I explained to her that she does not treat all adults with disrespect, and that I fact, parents of her friends have always raved about how wonderful she is at their homes. Teachers have also always gone on about how respectful, polite, and well-behaved my child is. I explained to her that she is not disrespectful to all adults. At other people’s homes she is ideal. She saves the bad attitude for her parents. She listened intently, nodded and said it was because the other parents treated her respectfully. They talked to her in an even tone, asked her questions, rather than talking down to her or shouting at her. She said sometimes the four of us yell or talk to her less like a person and more like a kid. Those words hit home for me. Less like a person. Do I talk down to you? Not all the time, she replied. Just sometimes. I told her I would work on that, and she asked me to please start reminding her in a positive way when she spoke in a disrespectful tone. I told her part of the issue was when she spoke to certain adults like they were her peers, regardless of who they happened to be, and certain adults found this behavior offensive.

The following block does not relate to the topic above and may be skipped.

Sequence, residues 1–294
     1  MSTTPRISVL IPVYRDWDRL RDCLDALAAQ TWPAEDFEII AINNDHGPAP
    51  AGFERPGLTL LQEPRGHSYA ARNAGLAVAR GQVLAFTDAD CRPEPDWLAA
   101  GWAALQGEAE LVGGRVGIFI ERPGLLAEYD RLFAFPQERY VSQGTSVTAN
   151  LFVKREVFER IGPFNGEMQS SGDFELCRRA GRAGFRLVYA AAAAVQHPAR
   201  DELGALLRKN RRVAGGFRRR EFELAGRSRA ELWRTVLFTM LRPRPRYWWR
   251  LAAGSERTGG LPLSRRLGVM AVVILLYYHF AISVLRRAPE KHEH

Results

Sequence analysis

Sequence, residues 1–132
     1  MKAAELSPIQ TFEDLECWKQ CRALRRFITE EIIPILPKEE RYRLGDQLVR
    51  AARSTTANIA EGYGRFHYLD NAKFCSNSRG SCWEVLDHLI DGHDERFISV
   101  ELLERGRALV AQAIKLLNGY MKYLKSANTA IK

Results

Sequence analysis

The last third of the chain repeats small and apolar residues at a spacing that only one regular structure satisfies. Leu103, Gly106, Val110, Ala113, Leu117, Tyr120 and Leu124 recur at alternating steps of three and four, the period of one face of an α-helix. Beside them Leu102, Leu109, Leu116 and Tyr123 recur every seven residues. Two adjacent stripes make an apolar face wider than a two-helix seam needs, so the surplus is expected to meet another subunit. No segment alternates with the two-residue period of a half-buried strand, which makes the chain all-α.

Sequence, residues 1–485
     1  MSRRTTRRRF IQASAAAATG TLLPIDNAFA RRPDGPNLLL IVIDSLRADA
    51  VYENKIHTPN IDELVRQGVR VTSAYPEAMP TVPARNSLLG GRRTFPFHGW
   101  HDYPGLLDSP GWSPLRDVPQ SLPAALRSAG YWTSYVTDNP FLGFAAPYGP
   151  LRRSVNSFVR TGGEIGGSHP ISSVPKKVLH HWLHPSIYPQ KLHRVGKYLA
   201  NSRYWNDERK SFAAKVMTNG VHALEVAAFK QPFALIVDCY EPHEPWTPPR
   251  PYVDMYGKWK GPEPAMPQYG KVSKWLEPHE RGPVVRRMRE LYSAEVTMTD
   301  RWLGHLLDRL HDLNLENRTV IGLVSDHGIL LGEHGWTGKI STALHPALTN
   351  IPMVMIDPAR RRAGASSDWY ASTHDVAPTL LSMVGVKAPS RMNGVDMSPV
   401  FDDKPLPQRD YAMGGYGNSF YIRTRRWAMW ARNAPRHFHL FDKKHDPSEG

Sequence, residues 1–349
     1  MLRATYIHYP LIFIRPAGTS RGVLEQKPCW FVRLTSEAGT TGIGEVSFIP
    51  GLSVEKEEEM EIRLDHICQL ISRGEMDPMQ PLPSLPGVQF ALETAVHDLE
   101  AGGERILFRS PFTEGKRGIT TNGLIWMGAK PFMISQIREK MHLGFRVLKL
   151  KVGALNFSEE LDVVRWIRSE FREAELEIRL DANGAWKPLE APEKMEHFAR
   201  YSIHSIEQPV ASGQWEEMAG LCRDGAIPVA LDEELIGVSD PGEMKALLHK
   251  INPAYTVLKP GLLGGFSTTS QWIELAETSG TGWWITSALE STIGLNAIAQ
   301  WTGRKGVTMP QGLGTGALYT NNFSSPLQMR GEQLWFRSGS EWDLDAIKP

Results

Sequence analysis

I went on to explain that one of the biggest lessons in life is people don’t always treat you with respect, but you still have to treat them with respect. In life we have to do things we don’t always want to do. Some might disagree with me. A good example would be in a professional setting. In order to have a positive work situation, even if your boss or co-worker might not always treat you with complete respect, there are times you still have to play nice anyway to continue to earn a paycheck until a better situation comes along. There will always be situations in life which are not ideal, but we have to deal with them as they come and move on.